souminwé

    Senior Member
    North American English, Hindi
    The word dono is definitely something I often say without any nasal, and same with meN (for some reason, I find saying meN difficult, same goes for maiN). However, not nasalising the plural oblique or the plural feminine would sound markedly incorrect - for me they have a heavy nasal sound.
     

    marrish

    Senior Member
    اُردو Urdu
    Indeed, dono and me was the incentive to start this thread!
    In case of pronunciation problems, please know that you are not alone! I mostly don't pronounce the N in maiN ne.

    Your opinion on the plural oblique (actually donoN is also one of them) and plural feminines is much appreciated - these I heard scarcely, for most part not in plural feminines, but in -oN.


    Maybe I'm wrong.
     

    BDC

    New Member
    English
    I have been listening and have not heard the nasal sound. And I have been trying! I just thought that no one actually used them. Marrish, are you saying that you have dropped trying to use it altogether?

    I have been thinking that it was irrelevant.

    I am talkng about Hindi here.
     

    UrduMedium

    Senior Member
    Urdu (Karachi)
    I have been listening and have not heard the nasal sound. And I have been trying! I just thought that no one actually used them. Marrish, are you saying that you have dropped trying to use it altogether?

    I have been thinking that it was irrelevant.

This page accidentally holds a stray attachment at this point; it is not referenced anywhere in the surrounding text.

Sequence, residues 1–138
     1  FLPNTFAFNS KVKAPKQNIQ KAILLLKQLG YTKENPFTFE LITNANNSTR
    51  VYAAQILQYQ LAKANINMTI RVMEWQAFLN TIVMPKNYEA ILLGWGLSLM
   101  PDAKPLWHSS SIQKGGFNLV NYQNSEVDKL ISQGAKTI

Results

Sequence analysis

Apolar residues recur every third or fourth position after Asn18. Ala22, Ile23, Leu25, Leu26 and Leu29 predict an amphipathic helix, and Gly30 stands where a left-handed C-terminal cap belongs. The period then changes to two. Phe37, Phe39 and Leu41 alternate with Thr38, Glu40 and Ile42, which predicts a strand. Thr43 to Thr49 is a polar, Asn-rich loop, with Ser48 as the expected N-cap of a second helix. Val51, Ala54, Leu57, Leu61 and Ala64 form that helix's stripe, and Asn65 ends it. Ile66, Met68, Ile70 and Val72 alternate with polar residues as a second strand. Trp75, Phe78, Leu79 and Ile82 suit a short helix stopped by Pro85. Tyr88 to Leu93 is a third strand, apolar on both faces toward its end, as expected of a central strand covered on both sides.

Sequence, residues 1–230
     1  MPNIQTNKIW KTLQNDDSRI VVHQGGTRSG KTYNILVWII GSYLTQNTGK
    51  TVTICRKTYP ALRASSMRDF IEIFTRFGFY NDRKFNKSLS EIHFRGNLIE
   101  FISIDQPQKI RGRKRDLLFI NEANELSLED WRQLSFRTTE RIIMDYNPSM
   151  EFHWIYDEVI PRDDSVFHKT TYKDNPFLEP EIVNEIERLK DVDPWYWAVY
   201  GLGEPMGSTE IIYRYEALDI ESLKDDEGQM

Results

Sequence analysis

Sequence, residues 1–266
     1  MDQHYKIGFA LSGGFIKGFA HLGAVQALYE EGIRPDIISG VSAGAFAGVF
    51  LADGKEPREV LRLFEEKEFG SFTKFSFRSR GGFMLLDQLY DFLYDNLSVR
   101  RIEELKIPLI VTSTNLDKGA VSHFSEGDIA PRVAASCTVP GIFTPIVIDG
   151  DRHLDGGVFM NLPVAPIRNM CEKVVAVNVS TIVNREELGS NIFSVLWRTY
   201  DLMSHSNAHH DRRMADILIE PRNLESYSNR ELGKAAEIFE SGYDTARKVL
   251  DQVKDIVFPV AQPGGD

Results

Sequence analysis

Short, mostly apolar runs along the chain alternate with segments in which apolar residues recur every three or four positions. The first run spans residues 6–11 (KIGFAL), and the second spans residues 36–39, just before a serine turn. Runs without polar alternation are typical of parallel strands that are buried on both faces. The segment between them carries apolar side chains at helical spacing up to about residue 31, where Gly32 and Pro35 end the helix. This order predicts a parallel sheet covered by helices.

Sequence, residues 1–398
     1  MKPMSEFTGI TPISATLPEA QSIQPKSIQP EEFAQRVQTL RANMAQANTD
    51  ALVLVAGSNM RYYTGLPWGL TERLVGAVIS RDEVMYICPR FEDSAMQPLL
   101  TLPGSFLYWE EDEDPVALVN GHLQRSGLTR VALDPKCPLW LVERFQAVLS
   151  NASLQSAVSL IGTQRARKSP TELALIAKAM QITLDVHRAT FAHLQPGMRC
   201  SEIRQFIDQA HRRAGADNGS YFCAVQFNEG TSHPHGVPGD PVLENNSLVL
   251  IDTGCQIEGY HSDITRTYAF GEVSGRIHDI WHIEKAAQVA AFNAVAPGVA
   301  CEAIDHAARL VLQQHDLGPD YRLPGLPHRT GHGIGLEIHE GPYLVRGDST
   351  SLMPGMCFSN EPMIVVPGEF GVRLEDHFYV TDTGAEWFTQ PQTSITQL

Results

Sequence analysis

I am talkng about Hindi here.
    Not sure of this example pertinent here or not (as here the nasal is on a verb not noun)


    ab ke ham bicchRe to shayad kabhii xwaboN meN mileN
    jis taraH suukhe hue phuul kitaboN meN mileN


    Dropping the last nasal completely changes the meaning. Also without the nasal, xwaboN and kitaboN sounds incomplete.
     

    marrish

    Senior Member
    اُردو Urdu
    I have been listening and have not heard the nasal sound. And I have been trying! I just thought that no one actually used them. Marrish, are you saying that you have dropped trying to use it altogether?

    I have been thinking that it was irrelevant.

    I am talkng about Hindi here.
    Thank you for your feedback. Seemingly the nasals are indeed not always properly articulated. I do use them (the nasal sound) very much, sometimes more than enough!
     

    marrish

    Senior Member
    اُردو Urdu
    Not sure of this example pertinent here or not (as here the nasal is on a verb not noun)


    ab ke ham bicchRe to shayad kabhii xwaboN meN mileN
    jis taraH suukhe hue phuul kitaboN meN mileN


    Dropping the last nasal completely changes the meaning. Also without the nasal, xwaboN and kitaboN sounds incomplete.
    It is surely correct what you said above but I haven't ask for verbs.